Propagating Snapdragons | How to Propagate Snapdragons from Cuttings
Wouldn’t it be nice to double your blooms every time you grow antirrhinum? Knowing how to propagate snapdragons from cuttings or pieces you’ve pinched off the plant truly works to your advantage. Oh, and propagating snapdragons is a snap!
As you may know, we have a major groundhog problem in the garden here. Bunnies, too. From time to time, I may find broken pieces of plant dangling in my garden.
The other day, I found my poor Chantilly Bronze Snapdragons had been demoed by one of the culprits.
Absolutely chomped to pieces!
Thinking on my toes, I remembered that I successfully rooted cosmos from cuttings, as well as coleus and zinnias.
I’d heard you can propagate snapdragons from cuttings, too!
Picking up a few pieces of the half-eaten snapdragons, I got to work!
My little garden experiment turned into a success in a short number of days. I’m excited to share the method I used so you can also learn how to propagate snapdragon plants from cuttings in your garden.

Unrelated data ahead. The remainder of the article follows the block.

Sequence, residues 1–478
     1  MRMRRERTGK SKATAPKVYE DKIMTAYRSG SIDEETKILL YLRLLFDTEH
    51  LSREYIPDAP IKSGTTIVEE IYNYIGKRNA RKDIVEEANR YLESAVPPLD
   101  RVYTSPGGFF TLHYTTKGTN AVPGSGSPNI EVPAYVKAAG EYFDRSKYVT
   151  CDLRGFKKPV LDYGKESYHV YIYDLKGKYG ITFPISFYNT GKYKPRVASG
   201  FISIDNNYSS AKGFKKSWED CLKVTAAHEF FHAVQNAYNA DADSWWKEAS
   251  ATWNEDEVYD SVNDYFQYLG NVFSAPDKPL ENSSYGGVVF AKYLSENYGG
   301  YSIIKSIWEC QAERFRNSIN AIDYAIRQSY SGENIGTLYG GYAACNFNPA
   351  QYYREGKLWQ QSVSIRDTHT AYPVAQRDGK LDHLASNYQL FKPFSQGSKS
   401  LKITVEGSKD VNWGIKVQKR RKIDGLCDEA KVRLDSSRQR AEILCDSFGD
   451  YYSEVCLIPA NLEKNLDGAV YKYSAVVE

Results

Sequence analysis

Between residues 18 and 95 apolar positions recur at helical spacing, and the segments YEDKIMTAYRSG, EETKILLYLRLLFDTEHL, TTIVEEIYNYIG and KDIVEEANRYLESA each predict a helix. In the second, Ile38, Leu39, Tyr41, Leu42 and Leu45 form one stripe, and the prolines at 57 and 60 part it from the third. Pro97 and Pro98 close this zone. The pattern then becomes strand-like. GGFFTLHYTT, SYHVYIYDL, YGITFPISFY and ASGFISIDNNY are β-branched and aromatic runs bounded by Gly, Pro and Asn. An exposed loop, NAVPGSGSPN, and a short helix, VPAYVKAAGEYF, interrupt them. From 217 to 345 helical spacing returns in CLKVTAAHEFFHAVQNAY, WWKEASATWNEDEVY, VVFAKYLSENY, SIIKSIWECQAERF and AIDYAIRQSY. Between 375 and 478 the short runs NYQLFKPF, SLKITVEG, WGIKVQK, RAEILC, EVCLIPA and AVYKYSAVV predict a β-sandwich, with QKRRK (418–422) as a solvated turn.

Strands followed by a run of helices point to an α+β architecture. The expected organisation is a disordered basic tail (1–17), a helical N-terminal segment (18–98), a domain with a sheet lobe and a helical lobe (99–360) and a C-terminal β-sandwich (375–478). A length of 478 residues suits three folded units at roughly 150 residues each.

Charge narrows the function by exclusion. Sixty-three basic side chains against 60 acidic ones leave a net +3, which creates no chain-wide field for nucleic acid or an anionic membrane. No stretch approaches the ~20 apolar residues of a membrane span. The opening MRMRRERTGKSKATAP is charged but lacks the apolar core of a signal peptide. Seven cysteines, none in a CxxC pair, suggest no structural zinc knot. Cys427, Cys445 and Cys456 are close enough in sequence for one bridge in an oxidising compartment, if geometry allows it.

How do snapdragons propagate?
Snapdragons propagate in three main ways. First, you can try propagating snapdragons from stem cuttings in soil or water. Also, you can propagate snapdragons by root division and transplanting, or by planting seeds. Remember that plants grown from cuttings and roots will be clones of the parent.
New snapdragons grown from seed run the chance of being cross-pollinated with a different type of snapdragon and may not be true to the parent type.